A perfect summer day is when the sun is shining, the breeze is blowing, the birds are singing, and the lawn mower is broken. - James Dent
Q:

Dear friends,

Growing up, how did your family do Christmas presents? For example, Santa filled each of our stockings and the whole couch cushion behind it with unwrapped presents. We all filed downstairs youngest-to-oldest at 7:00 a.m. while Mom recorded us, and then it was free-for-all with our Santa gifts. Then an hour or two later, we all sat around the tree and took turns opening the gifts we'd gotten and wrapped for each other.

Bonus question: what's the best stocking stuffer you ever got?

-El-ahrairah

A:

Dear El-ahrairah,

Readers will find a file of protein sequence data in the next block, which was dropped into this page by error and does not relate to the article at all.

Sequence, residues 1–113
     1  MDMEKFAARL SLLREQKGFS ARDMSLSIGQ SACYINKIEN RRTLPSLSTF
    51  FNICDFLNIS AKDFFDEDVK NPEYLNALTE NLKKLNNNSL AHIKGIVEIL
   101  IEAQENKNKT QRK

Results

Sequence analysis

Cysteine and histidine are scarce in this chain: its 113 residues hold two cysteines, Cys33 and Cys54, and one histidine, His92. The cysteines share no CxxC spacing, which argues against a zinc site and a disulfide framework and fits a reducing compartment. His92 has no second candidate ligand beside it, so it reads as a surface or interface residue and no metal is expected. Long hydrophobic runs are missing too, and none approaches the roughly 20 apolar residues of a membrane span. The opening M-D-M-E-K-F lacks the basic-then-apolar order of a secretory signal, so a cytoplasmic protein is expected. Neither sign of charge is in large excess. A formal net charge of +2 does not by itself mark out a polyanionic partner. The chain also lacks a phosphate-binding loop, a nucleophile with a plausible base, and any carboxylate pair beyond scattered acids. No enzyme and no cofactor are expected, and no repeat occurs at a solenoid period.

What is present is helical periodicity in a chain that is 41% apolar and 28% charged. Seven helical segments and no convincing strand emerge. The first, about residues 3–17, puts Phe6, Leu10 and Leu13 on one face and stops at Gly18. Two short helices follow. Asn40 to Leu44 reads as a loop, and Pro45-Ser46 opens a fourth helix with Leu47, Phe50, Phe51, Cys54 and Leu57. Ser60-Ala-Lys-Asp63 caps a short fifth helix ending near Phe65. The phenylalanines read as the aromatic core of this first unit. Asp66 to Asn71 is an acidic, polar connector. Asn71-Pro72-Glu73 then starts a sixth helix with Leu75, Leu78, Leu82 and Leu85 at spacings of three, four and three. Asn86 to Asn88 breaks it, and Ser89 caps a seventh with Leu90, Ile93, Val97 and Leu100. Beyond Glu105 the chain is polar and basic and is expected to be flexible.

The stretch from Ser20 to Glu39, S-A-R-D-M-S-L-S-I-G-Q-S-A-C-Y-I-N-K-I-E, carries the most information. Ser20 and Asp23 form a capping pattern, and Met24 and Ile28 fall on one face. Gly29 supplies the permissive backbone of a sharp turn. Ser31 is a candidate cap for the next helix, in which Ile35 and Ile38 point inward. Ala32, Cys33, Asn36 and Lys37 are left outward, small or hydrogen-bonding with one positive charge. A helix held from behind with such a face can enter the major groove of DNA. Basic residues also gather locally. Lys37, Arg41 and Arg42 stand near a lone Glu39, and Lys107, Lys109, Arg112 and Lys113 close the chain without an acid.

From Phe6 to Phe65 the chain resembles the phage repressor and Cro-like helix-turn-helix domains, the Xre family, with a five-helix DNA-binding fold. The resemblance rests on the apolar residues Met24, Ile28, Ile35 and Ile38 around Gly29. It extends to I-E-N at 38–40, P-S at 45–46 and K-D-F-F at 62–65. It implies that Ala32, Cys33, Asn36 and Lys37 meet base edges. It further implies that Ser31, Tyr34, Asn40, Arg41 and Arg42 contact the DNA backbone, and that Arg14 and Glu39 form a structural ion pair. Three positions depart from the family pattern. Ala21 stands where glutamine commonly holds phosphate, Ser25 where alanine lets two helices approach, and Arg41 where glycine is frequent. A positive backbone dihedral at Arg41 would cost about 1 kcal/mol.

In our house, we got to open Christmas PJs on Christmas Eve, then had to turn in early because it was expected we'd be up way too early the next morning anyway. Santa and his Elves (me and my brother, once we were old enough to be helpful) would stuff the stockings and line them up on the couch. Then, the wrapped presents would get put under the tree. (My parents like to do this as they get the presents, which starts really early. The wrapping actually takes minimal work. I think they've discovered the best system over the years.) The next morning, kids are allowed to get into their stockings whenever they wake up (which is typically like 6 a.m.) but have to wait until mom and dad get up before we can start opening presents (typically around 7:30 or 8:00 a.m.) You aren't allowed to wake mom or dad up. Then, we go around the room in rounds from youngest to oldest opening presents one at a time. My parents don't make an effort to make sure we all get the same number, it's more about the value of things, so if a kid runs out of individual presents they get to open family gifts. We also get assigned 1 sibling to give a gift to, and we always get books from our grandma. After everything is opened, it's cleanup time and chill for the rest of the day. Lately that's meant going to hang out with Pebble at his house, they're a little more fun during the day on Christmas.